AS we have seen in recent weeks, the early history of Glasgow was very much a tale of bishops and clergy as the Christian settlement founded by St Kentigern developed into a small town centred on the Cathedral, the centre of Glasgow diocese.

It’s not surprising that bishops feature so prominently in that early history – it was either the bishops themselves or their acolytes who wrote the history in terms of charters and records which the church preserved.

Last week we saw how Bishop Robert Wishart came to national prominence as one of the six Guardians of Scotland after the death of King Alexander III in 1286. Alexander’s rule had been good for Scotland and Glasgow which thrived at the time – the first timber bridge over the River Clyde may well date to the 1280s.

Having been consecrated Bishop of Glasgow in 1273, Wishart was keenly aware that the independence of the Scottish church was constantly under threat from English archbishops, notably those of York, who wanted all the Scottish dioceses answerable to them.

There were constant letters to and from Rome as the Scottish bishops sought to defend Scotland as answerable only to the pope, and to be fair, most popes of that era agreed with them and warned off the predatory English clergy.

It was first of all to defend the Scottish church from English takeover that Wishart became what he is known to history – the Warrior Bishop. He fought for his bishopric, he fought for his Scottish church and eventually he fought for Scotland, and as we shall see next week, he paid a heavy price for doing so.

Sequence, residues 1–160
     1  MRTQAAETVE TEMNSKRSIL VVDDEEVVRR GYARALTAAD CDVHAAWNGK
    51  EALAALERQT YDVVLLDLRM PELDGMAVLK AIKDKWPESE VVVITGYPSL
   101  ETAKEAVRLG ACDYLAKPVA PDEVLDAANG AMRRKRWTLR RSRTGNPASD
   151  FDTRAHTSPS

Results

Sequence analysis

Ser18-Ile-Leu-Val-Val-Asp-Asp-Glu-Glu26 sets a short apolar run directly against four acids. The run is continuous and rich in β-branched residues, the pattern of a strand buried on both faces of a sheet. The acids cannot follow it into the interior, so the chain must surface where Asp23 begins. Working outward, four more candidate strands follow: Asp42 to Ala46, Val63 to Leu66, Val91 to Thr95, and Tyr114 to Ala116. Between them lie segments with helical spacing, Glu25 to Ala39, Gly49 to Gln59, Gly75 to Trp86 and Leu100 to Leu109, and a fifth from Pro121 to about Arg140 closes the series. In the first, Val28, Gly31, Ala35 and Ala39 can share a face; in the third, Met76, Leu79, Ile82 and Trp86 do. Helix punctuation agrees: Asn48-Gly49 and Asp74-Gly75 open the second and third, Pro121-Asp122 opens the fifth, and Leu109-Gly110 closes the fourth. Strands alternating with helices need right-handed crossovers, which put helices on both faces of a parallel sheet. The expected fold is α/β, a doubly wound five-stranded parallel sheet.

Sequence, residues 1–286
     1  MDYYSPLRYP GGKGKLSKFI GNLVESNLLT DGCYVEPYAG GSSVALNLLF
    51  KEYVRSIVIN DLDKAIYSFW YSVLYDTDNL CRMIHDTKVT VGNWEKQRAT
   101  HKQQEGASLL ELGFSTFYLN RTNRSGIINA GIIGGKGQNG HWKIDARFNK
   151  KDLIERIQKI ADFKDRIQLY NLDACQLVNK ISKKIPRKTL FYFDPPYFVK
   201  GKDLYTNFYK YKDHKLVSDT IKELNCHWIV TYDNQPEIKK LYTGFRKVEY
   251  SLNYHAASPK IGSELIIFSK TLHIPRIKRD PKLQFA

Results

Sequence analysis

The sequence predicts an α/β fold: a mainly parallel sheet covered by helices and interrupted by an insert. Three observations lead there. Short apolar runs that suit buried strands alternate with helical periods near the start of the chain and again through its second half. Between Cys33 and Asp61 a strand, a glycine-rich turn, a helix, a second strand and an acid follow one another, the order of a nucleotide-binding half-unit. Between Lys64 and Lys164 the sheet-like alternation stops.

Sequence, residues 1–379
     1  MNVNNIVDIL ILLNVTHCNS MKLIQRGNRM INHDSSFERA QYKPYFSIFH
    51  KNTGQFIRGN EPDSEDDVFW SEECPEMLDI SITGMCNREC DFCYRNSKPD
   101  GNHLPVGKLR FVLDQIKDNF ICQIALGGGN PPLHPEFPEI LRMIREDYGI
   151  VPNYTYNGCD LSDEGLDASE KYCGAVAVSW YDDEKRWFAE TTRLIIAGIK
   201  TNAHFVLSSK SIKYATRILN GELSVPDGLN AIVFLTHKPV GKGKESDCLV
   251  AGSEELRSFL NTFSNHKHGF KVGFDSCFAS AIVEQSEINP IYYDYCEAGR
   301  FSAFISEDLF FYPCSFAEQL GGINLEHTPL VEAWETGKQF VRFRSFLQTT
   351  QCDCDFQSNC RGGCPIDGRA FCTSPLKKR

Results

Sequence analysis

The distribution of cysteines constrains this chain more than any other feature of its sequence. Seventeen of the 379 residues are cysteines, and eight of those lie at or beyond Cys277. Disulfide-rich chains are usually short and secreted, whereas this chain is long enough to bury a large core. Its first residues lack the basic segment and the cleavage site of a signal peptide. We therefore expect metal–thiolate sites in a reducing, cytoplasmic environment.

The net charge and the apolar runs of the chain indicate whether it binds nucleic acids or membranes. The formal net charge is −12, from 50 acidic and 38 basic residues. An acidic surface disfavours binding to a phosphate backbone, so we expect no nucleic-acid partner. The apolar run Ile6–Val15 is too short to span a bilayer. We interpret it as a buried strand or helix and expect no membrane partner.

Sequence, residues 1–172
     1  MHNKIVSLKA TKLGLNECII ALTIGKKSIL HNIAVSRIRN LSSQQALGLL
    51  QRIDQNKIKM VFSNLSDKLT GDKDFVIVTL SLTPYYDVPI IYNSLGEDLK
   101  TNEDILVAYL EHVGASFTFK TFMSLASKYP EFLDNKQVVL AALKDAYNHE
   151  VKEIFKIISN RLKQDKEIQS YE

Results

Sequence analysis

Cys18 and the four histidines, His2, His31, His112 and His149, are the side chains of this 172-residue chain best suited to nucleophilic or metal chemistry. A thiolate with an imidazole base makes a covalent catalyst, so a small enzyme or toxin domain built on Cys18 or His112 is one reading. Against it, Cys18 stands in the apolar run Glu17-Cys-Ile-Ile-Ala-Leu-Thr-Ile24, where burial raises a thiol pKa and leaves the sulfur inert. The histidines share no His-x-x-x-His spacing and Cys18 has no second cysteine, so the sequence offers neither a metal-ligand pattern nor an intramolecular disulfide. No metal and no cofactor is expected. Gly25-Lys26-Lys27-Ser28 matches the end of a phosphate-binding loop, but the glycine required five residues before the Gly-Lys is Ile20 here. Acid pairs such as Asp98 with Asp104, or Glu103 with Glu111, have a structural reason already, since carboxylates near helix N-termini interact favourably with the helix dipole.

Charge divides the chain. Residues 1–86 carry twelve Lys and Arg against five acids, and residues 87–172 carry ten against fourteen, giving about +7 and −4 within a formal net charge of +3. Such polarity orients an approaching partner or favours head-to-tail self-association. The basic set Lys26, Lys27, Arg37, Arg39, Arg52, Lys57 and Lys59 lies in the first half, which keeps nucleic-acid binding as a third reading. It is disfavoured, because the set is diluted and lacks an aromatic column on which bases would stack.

First of all, however, he tried diplomacy and tact, including his role as negotiator when the two greatest Scottish houses of nobility, Balliol and Bruce, vied to take the Scottish throne.

From 1286, the six Guardians ruled Scotland in place of the infant and uncrowned queen, Margaret, Maid of Norway, and in 1289 and 1290 Bishop Wishart was one of the Guardians who negotiated the Treaty of Birgham, otherwise known as the Treaty of Salisbury, which planned for Margaret to marry Edward, son of Edward I of England and the future loser of the battle of Bannockburn. The marriage was part of Longshanks’s plan to bring the two kingdoms under control of his family, albeit that the treaty guaranteed the independence of Scotland and the Scottish church as demanded by Wishart.

Margaret died in September, 1290, even as she was travelling to the land she was destined never to visit, never mind reign over – she died in Orkney which was then a Norwegian possession.

Now there was greater urgency for the settlement of the Great Cause, the dispute over who had the best claim to the Scottish throne, which was basically a contest between the House of Balliol and the House of Bruce.

In a desperate attempt to avoid civil war, the Guardians asked Edward Longshanks to preside over the process, and in doing so he asserted his overlordship of Scotland by appointing 104 auditors to decide who should be King of Scots, though John Balliol and Robert the Bruce’s father nominated their own auditors to the panel. Longshanks summoned the nobility of Scotland to a meeting at Norham-on-Tweed in May 1291, and there he insisted that the nobles sign the first of what became known as the “Ragman Rolls”, the four records of those who at various times acknowledged Edward as